Impact Factor 4.076

The 3rd most cited journal in Microbiology

Opinion ARTICLE

Front. Microbiol., 24 August 2017 | https://doi.org/10.3389/fmicb.2017.01610

Microbiota-Derived Extracellular Vesicles as New Systemic Regulators

  • 1Mycobacteriology and Pulmonary Research Department, Pasteur Institute of Iran, Tehran, Iran
  • 2Microbiology Research Center, Pasteur Institute of Iran, Tehran, Iran
  • 3Department of Biology, Science and Research Branch, Islamic Azad University, Tehran, Iran
  • 4Department of Biotechnology, School of Advanced Technologies in Medicine, Shahid Beheshti University of Medical Sciences, Tehran, Iran
  • 5Experimental Therapy Unit, Laboratory of Oncology, G.Gaslini Children's Hospital, Genoa, Italy
  • 6Laboratory affiliated to Instituto Pasteur Italia-Fondazione Cenci Bolognetti, Department of Public Health and Infectious Diseases, Sapienza University of Rome, Rome, Italy

The gut microbiota and their products play a critical role in metabolism, neurologic status, endocrine and immune system. There are pieces of evidence that dysbiosis in the gut is a factor in an astounding array of conditions and diseases: irritable bowel syndrome (IBS), autism, asthma, cancer, obesity, diabetes, neurological disorders, cardiovascular, and fatty liver disease (Zeng et al., 2017).

Microbiota-derived extracellular vesicles (EVs) carry a large diversity of compounds that can affect diverse pathways in the host. We propose to use various EVs not only as adjuvants for vaccination (Moshiri et al., 2012) but also as potential modifiers of host interactions in the gut that in turn affect several organ functions such as alteration of signaling molecules at the intestinal barriers (Cañas et al., 2016).

The Orchestra of Gut Microbiota in Health and Diseases

The number of bacteria in the human body is about 3.8*1013, which is approximately equal to 10 times the number of our total cells (Sender et al., 2016). Furthermore, the whole genome of microbiota include 150- to 400-fold more genes than the human genome. The gut microbiota has been developed in the presence of host cells and has demonstrated significant effects on host responses (Lloyd-Price et al., 2016).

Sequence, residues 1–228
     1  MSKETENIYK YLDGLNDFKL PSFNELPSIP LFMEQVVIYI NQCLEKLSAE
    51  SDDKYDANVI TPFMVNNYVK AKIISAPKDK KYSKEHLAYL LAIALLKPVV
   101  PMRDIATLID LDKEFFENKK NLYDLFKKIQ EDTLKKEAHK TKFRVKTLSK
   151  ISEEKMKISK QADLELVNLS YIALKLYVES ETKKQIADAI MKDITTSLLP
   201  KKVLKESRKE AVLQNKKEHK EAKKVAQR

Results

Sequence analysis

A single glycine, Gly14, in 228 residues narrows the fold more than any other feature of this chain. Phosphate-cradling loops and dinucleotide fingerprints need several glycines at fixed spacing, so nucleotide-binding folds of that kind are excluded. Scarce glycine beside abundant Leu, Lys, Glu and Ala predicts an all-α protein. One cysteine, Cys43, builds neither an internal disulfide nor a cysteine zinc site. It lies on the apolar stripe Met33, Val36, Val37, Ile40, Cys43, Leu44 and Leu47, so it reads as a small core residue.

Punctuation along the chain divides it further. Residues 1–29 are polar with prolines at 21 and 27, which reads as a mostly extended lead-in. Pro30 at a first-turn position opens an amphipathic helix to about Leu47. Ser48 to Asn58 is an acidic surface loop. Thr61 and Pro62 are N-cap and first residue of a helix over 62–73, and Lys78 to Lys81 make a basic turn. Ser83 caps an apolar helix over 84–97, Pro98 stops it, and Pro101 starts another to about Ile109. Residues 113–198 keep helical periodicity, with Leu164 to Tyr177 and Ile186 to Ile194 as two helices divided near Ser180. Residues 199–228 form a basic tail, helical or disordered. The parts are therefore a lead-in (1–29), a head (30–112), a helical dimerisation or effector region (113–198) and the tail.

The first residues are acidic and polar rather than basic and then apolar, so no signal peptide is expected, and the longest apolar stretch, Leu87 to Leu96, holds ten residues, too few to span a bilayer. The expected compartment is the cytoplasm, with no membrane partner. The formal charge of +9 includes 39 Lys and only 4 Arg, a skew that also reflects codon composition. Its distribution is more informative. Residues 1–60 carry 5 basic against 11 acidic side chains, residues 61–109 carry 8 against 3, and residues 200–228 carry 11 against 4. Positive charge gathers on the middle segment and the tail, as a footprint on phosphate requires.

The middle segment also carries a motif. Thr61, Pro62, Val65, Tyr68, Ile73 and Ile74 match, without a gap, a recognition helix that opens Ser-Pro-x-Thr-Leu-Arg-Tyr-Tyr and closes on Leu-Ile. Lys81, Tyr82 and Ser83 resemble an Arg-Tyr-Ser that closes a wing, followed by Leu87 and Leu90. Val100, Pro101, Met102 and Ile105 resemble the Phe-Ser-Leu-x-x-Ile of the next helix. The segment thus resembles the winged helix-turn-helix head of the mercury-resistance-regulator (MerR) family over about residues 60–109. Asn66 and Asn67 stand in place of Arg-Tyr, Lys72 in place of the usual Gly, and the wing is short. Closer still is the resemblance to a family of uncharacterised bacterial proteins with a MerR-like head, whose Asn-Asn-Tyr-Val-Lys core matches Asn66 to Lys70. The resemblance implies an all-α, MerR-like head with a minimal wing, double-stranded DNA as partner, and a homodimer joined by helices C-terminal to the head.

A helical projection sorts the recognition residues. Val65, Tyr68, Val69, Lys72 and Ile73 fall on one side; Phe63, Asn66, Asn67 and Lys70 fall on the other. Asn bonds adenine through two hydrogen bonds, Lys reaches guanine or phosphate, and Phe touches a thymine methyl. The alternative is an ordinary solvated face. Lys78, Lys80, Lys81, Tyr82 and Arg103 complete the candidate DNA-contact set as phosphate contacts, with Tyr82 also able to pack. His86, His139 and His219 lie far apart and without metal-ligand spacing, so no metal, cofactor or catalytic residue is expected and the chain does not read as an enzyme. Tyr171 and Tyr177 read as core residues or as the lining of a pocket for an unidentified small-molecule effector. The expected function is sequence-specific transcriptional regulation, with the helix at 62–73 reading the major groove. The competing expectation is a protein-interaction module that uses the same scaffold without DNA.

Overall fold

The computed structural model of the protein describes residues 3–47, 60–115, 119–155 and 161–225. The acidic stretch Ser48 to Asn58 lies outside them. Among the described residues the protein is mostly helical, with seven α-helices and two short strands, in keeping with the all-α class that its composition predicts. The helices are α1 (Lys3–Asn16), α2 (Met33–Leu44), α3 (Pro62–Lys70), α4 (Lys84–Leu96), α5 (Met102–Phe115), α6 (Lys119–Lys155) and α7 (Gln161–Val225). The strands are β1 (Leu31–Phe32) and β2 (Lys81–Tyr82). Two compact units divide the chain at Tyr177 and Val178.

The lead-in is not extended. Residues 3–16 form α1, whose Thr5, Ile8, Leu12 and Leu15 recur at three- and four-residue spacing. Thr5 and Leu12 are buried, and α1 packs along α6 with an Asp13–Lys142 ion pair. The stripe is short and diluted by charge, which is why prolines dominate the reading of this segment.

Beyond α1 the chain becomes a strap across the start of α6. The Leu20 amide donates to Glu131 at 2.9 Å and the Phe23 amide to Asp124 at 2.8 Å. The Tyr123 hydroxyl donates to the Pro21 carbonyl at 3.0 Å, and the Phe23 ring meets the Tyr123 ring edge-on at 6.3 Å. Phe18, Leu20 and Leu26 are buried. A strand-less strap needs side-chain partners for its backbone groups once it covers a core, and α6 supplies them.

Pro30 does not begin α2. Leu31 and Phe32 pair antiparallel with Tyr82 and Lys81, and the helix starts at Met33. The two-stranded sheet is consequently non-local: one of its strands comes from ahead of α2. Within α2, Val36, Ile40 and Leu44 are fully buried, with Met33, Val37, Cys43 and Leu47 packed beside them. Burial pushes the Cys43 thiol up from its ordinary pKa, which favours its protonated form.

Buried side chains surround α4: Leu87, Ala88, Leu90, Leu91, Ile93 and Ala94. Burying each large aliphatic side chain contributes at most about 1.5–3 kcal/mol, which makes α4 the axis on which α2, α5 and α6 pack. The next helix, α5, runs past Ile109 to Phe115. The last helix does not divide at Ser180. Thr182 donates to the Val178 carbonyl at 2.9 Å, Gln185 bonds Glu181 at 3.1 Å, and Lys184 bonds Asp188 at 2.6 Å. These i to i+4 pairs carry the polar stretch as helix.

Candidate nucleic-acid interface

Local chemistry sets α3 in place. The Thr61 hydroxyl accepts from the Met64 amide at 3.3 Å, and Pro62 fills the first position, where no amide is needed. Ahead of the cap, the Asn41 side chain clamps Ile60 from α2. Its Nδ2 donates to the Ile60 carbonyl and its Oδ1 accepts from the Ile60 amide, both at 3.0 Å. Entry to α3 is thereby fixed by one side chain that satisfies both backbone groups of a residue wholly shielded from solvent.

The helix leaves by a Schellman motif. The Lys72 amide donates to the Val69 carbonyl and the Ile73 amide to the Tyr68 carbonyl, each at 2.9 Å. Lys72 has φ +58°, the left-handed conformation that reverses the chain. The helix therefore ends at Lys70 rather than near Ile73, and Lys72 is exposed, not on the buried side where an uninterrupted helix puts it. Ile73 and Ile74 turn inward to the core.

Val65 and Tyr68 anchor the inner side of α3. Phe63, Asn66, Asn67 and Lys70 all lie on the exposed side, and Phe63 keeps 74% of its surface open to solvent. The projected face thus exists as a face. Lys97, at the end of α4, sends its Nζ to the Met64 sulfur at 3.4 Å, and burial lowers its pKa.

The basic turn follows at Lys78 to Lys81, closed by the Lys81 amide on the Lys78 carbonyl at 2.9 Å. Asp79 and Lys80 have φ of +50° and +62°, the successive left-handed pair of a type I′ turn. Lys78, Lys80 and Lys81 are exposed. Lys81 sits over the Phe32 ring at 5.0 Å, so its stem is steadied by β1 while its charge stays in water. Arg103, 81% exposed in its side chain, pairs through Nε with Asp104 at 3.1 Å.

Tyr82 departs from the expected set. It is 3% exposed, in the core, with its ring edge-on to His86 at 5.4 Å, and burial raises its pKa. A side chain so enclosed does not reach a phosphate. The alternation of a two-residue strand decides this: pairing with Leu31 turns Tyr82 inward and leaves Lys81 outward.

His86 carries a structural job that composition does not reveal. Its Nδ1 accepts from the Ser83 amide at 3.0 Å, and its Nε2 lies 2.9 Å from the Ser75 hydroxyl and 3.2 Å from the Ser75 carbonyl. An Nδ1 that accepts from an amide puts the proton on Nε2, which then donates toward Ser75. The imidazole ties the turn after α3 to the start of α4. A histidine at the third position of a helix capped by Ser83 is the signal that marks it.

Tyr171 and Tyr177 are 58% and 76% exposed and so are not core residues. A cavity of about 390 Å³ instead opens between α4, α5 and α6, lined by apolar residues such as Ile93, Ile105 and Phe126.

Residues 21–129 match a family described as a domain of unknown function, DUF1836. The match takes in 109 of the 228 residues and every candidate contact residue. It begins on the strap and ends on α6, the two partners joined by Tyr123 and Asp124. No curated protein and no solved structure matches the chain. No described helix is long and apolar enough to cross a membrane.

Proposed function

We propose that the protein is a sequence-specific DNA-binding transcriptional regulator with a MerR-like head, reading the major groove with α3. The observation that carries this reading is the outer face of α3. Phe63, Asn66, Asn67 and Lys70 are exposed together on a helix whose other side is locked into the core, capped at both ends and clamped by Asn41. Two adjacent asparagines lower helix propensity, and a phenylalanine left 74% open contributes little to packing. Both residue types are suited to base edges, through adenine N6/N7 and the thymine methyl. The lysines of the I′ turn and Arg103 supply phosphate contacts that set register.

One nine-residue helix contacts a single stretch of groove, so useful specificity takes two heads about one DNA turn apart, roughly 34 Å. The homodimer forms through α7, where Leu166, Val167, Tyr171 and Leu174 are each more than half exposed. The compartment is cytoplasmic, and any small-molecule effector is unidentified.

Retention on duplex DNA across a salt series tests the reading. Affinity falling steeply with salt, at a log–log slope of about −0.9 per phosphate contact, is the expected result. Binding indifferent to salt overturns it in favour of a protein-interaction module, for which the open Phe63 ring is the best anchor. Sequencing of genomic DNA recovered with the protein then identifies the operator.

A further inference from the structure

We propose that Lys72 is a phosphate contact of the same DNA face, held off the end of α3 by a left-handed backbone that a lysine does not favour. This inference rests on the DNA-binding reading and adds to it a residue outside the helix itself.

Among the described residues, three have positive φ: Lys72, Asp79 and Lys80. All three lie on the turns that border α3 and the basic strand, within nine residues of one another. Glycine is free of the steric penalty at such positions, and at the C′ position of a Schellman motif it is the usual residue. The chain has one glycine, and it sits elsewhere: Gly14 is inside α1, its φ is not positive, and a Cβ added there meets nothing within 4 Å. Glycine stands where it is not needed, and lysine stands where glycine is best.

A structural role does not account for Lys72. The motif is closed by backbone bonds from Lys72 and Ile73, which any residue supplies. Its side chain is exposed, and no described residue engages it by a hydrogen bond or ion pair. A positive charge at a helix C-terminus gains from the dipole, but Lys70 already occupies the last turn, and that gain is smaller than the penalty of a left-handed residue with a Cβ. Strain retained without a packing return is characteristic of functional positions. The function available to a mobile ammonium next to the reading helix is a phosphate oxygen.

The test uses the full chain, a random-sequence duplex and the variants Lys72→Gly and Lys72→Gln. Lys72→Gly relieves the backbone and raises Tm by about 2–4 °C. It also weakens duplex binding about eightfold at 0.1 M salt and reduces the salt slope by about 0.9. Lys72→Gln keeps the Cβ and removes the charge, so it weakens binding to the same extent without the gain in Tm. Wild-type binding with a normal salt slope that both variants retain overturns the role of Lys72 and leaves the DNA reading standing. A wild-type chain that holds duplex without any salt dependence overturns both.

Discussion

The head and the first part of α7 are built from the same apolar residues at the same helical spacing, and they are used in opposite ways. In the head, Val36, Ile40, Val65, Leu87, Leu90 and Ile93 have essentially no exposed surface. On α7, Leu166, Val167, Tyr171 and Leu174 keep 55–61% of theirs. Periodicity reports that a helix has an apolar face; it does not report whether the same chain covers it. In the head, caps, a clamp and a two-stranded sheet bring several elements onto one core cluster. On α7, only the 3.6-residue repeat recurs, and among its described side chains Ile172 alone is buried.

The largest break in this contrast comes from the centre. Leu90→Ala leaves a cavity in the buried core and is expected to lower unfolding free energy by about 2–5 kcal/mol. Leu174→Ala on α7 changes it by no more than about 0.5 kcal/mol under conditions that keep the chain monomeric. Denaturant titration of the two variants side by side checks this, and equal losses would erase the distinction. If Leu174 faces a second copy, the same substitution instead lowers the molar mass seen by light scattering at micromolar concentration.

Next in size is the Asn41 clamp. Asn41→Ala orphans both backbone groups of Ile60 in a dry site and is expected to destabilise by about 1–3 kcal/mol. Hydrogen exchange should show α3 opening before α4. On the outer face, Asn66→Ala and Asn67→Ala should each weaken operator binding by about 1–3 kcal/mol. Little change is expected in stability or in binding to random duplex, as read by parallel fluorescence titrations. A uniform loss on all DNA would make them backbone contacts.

Gut microbiota is key regulators of digestion. In the gut, the digestive slurry contains essential commensal bacteria that facilitate digestion, absorption, and synthesis of various metabolites, such as short-chain fatty acids (SCFAs). These metabolites produced by gut microbiota are directly linked to environmental factors like diet and life style. Therefore, they considered being diet-dependent metabolites (Brestoff and Artis, 2013). In addition, gut microbiota generates various diet-independent metabolites which include lipopolysaccharide (LPS) and peptidoglycan (PG) as well as EVs (Caricilli and Saad, 2013).

In the intestinal immune system maintaining homeostasis is challenging (Van Den Elsen et al., 2017). To perform this task, it is essential for the gut microbiota to learn how to communicate with epithelial and immune cells of the gastrointestinal tract (GIT). The interaction between gut microbiota and the host involves a complex network of signaling pathways (Thompson et al., 2015).

Decoration of Extracellular Vesicles

All eukaryotic and prokaryotic cells release vesicle structures containing cytosolic and membrane proteins, phospholipids, glycolipids, polysaccharide, and nucleic acids referred as EVs. These vesicles have several functions concerning intercellular communication and signaling events. EVs refer to outer membrane vesicles (OMVs) or membrane vesicles (MVs) in Gram negative and Gram positive bacteria, respectively. OMVs and MVs have important biological roles not only in bacterial survival but also in host interaction, by in intra and inter-kingdom communication without intimate intercellular contact (Fateh et al., 2015).

The characterization of EVs biological roles has become a fascinating research field due to their potential properties in vaccination, therapeutic applications as vehicle in drug delivery and target therapy, positional assembly of enzyme expression and their ability in carrying small molecule activators and inhibitors of quorum sensing (Moshiri et al., 2012; Badmasti et al., 2015).